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The Holy Way: The Gospel of Isaiah (3)

. 5 min read
2013/12/15 
Isaiah 35.1-10
(No video at this time)
We
come today to another salvation song of the prophet.  As we have said in our earlier weeks, each of
these salvation songs is matched to a judgment proclamation.  We have a cue in this text itself: “Be
strong, do not fear! Here is your God. He will come with vengeance, with
terrible recompense. He will come and save you” (Isaiah 35:4).  Indeed, the chapter
prior to our section, this vengeance is described in terrifying detail.  The language used is that of “doom”, the
ancient “devotion to destruction” in which every person, every creature, and
every piece of property was to be destroyed in an act of obedience
(Brueggemann, 269).  And, the “doom” was
a universal doom:
The LORD is enraged against all the
nations.  The stench of their corpses
shall rise.  All the hosts of heaven
shall rot away (34:2-4).
We
struggle today with language like this, struggle to connect it to the
understanding of “gospel”, of “good news”, that “God so loved the world”.  For the prophet, there was no difficulty
connecting this with a salvation song, no trouble recognizing that the LORD’s
vengeance means not only destruction of the world that was, but destruction of
a world that is inherently broken, riddled with sin, and must be set
right.  Our salvation can only come when
the world itself is set right. 
      No surprise that Isaiah’s salvation songs
are also full of creation language.  Last
week we saw a new shoot coming from a stump and a lion lying down with a
lamb.  Today, the creation language is
one of transformation from desert to garden, from drought to fertility.  And between layers of creation transformation
we see a transformation of God’s new or renewed community.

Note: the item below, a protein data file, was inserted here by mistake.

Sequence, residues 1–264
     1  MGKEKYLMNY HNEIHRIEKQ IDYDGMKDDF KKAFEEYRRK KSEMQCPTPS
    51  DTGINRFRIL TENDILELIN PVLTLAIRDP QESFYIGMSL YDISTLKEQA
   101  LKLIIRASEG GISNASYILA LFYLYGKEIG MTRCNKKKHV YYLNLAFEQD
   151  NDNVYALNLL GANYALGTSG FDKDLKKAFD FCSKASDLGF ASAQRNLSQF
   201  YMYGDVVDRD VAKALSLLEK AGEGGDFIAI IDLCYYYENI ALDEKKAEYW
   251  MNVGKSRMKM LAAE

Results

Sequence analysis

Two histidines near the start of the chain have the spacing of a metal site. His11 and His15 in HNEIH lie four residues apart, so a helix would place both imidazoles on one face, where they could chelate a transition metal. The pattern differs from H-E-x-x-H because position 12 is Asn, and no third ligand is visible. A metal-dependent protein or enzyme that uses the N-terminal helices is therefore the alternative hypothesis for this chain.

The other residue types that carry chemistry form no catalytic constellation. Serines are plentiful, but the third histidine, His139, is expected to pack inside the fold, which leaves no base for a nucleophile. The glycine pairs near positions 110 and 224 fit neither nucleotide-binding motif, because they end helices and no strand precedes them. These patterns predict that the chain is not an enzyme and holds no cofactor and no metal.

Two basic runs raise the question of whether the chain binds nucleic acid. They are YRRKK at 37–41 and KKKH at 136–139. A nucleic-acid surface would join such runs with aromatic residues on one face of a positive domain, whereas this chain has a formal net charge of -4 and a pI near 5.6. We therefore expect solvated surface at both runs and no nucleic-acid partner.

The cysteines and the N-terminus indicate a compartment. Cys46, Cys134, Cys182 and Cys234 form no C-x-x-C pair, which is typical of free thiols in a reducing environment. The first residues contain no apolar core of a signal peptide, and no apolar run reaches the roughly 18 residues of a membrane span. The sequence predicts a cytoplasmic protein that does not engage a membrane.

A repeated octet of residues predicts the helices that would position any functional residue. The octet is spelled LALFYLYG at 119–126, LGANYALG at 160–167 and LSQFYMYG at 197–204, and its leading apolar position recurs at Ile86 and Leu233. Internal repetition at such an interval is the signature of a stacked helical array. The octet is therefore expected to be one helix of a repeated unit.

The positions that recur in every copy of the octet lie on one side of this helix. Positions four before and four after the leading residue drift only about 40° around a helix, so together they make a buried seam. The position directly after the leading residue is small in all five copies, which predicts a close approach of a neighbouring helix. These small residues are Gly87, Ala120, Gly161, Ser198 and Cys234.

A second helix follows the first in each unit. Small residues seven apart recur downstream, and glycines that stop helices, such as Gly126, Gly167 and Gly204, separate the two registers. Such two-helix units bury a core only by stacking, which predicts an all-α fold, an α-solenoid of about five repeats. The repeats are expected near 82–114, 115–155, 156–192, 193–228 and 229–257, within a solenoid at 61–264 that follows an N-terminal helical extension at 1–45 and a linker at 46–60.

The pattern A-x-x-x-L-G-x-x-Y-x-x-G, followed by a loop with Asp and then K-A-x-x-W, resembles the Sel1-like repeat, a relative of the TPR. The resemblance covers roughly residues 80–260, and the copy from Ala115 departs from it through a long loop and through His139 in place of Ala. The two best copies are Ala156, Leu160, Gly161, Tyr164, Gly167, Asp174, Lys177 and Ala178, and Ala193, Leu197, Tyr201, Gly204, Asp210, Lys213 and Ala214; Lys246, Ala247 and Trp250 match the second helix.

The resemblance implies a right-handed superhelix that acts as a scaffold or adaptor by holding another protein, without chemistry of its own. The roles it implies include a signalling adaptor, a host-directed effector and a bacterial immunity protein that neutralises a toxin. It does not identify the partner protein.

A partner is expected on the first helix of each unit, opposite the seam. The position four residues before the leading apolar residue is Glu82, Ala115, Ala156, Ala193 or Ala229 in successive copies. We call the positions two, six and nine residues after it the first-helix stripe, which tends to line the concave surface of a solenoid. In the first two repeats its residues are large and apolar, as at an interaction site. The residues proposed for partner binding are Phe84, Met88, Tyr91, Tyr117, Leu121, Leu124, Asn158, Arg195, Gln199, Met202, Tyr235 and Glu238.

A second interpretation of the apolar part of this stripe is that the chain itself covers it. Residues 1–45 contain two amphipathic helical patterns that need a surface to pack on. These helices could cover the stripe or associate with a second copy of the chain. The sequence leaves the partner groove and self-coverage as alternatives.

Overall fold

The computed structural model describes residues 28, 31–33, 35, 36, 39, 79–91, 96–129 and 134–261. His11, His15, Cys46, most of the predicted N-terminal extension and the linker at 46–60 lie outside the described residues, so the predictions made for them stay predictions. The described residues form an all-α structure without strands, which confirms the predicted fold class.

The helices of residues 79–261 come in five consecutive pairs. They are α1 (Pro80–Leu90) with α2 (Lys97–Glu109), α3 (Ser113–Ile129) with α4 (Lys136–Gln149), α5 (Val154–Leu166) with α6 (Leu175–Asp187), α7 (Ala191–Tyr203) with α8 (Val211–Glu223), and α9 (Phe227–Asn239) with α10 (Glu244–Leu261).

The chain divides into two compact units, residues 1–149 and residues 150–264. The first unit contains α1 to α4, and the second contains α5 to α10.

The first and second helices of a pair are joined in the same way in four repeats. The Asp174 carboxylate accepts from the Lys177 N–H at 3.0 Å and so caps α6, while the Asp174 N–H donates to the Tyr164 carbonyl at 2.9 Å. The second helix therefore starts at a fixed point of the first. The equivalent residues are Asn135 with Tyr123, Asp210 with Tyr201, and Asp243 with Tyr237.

Walter
Brueggemann says that each of these layers has a “before” and “after”, a story
or image of transformation.  For creation,
he speaks of a movement from “drought” to “fertility”, for the human community
a movement from “disability” to strength (275-277).

We
know what drought does.  Plants
droop.  Corn and other crops
shrivel.  Topsoil dries up and blows
away.  Animals and people starve.  We know what drought does, and we have
experienced it in our personal lives: When what once offered joy is now a
source of pain, when hopes and dreams evaporate, when the best and most
important people in our lives are simply gone. 
      Death of Mateusz.  We are in the desert, and we are thirsty.
      No wonder the prophet declares:
“Strengthen the weak hands and make firm the feeble knees”.  No wonder he calls out, “Be strong! Do not
fear!”  Because our God is here.  Our God comes to save.
We
know a little bit about disability. 
Blind, deaf, lame, mute.  Often,
the physical dimension is much less significant than the social dimension, the
exclusion.  Everyone stares.  People who genuinely want to connect are
awkward about it.  If you are doing well,
you’re an “inspiration”.  If you’re
struggling, you’re invisible (except for the staring).
      We’ve begun to recognize that disabilities
come in many forms, that the list is much longer than what the ancient prophet
offers.  We now recognize mental illness
and developmental disability.  But for
those of us who are able-bodied and neuro-typical, we are content to think of